Bielat’s out-of-state donations swell

By Brian C. Mooney
Globe Staff / October 29, 2010

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A late surge in out-of-state donations is fueling Republican Sean Bielat’s stiff challenge of 15-term US Representative Barney Frank.

Seventy-six percent of Bielat donors who gave $200 or more within the last four weeks live outside Massachusetts. That’s up from about 41 percent for the prior five-week period that ended Sept. 30, a Globe review of Federal Election Commission reports shows.

The figures suggest that Bielat, who has made regular appearances on Fox News and conservative media outlets, has succeeded in his attempts to nationalize the race for the Fourth Congressional District seat.

The Brookline resident’s recent donors include country music star Hank Williams Jr. ($1,000), New York financier Carl Icahn ($2,400, the maximum for an individual), and a number of hedge fund and investment firm executives. US Represent ative Michele Bachmann, Republican of Minnesota and a favorite of the Tea Party movement, has donated $1,000 from both her congressional candidate committee and leadership PAC to Bielat.

In addition, Arizona Senator John McCain’s 2008 political committee donated $2,000, and McCain’s Country First leadership PAC gave Bielat the $5,000 maximum last week. Bielat has also attracted money from the conservative Citizens United and Freedom Project PACs, both of which contributed $5,000.

“He’s going on right-wing news shows and talk radio and raising a lot of money,’’ said Harry Gural, Frank’s spokesman. “It’s a huge resource when you have an audience of millions of people across the country, and parts of the Fox News audience and parts of the talk radio world, who have listened to Barney being vilified for years.’’

Lisa Barstow, Bielat’s spokeswoman, said he has raised national money all along but the pace has increased as the election approaches.

“Barney Frank is a well-known figure, and there are people across the country who would like to end his career,’’ she said. “Sean’s a credible candidate, but this is really about saying ‘no’ to the policies of Barney Frank.’’

Frank, chairman of the House Financial Services Committee, has long relied heavily on out-of-state money, much of it from executives in the financial sector his committee oversees. He has consistently taken in nearly 60 percent of his money from non-Bay Staters during the campaign, records indicate.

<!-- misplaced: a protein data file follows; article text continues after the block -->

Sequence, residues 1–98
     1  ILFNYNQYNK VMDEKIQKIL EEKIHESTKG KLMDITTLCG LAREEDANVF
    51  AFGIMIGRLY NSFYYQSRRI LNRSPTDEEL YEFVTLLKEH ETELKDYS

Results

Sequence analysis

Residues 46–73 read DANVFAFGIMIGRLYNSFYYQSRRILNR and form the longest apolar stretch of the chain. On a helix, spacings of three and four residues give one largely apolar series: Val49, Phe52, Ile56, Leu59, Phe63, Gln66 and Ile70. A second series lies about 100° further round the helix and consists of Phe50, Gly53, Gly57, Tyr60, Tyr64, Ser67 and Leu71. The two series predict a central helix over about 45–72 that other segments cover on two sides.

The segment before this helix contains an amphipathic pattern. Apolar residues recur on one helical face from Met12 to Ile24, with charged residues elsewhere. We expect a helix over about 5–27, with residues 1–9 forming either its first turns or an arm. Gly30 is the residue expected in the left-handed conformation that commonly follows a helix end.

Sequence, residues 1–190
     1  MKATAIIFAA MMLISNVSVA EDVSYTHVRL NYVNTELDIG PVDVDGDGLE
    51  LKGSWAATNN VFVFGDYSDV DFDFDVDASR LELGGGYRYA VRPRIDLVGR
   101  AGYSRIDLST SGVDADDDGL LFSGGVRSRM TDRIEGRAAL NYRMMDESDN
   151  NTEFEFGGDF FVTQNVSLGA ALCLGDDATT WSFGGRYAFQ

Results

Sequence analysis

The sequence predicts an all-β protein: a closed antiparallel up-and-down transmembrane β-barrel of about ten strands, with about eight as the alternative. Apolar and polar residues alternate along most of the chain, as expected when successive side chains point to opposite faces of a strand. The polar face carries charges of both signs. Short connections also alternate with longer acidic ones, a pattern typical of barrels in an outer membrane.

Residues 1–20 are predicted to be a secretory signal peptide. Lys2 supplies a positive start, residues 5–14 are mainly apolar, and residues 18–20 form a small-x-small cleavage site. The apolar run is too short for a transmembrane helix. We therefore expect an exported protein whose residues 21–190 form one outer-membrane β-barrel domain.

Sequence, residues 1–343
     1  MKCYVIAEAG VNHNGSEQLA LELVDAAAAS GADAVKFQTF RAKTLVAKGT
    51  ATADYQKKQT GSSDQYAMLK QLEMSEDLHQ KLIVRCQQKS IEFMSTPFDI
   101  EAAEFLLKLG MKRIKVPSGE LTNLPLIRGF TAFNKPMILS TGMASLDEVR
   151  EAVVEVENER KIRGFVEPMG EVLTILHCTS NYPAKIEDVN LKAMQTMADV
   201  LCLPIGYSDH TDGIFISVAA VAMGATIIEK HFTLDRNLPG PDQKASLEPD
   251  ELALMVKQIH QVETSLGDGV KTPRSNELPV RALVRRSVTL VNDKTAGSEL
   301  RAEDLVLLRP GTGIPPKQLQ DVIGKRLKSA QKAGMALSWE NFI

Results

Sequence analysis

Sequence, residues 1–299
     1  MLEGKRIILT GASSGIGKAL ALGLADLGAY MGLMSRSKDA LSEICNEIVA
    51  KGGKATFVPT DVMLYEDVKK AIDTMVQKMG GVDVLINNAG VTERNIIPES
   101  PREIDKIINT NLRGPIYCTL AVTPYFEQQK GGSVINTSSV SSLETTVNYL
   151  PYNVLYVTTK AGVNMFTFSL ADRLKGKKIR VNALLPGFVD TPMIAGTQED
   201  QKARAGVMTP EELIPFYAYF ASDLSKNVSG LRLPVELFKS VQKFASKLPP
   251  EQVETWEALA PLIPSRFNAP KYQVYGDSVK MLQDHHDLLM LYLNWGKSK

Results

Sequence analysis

The Newton Democrat led the effort to push the massive financial regulation overhaul legislation through Congress this year.

The gusher pouring into Bielat’s coffers has allowed him to roughly keep pace with Frank’s spending in the campaign’s final weeks and forced the incumbent to pump $200,000 of his own cash into his campaign. The pattern mirrors, though to a lesser degree, the fund-raising success that aided Republican Scott Brown’s victory in the special US Senate election last January. Some of those outside of Massachusetts who are giving late to Bielat also contributed to Brown in the closing days of his campaign.

Bielat is outraising Frank by lopsided margins in small-dollar donations, mostly via the Internet. For the first 13 days of October, for instance, Bielat took in $352,069 in unitemized small donations compared with Frank’s $62,787 in small-dollar contributions, according to FEC reports. There is no requirement to identify contributors who give an aggregate of $200 or less.

Frank has relied heavily on political action committees, many in the financial services sector. In the past two months, PACs and other politicians’ committees have poured $257,000 into Frank’s campaign. On Monday, for instance, eight PACs kicked in $22,400, including two public employee unions that gave $5,000 and $2,500, respectively, the American Insurance Association and Citizens Financial Group ($2,000 apiece), and Putnam Investments ($2,500).

The Bielat campaign’s identification of its donors’ employers and occupations has fallen off in the campaign’s final days. Since Oct. 20, none of the 78 donors who gave $1,000 or more are identified by employer or occupation, the Globe found. In several instances, in the electronically filed reports, the contributor’s hometown isn’t even listed. One $1,000 donation on Oct. 18 is attributed to “re du,’’ with an address of “22 none’’ in the community of “e’’ “CT.’’ The employer and occupation are both listed as “ee.’’

Barstow said in an e-mail it was the result of a data entry and software problem caused when a campaign worker tried to delete a duplicate contribution received online.

As for the drop-off in identifying donors, Barstow said: “There is a substantial volume coming and sometimes donor info is missing from the print and online forms. We are using our best efforts to follow up and request any missing information.’’ The campaign asks twice, “but people are not required to list it,’’ she said.

Frank’s disclosure rate in recent months has been about 99 percent, according to a Globe review. The campaign’s website rejects contributions from individuals who fail to identify their employer and occupation, Gural said. “We’re scrupulous about it,’’ he said.

Brian Mooney can be reached at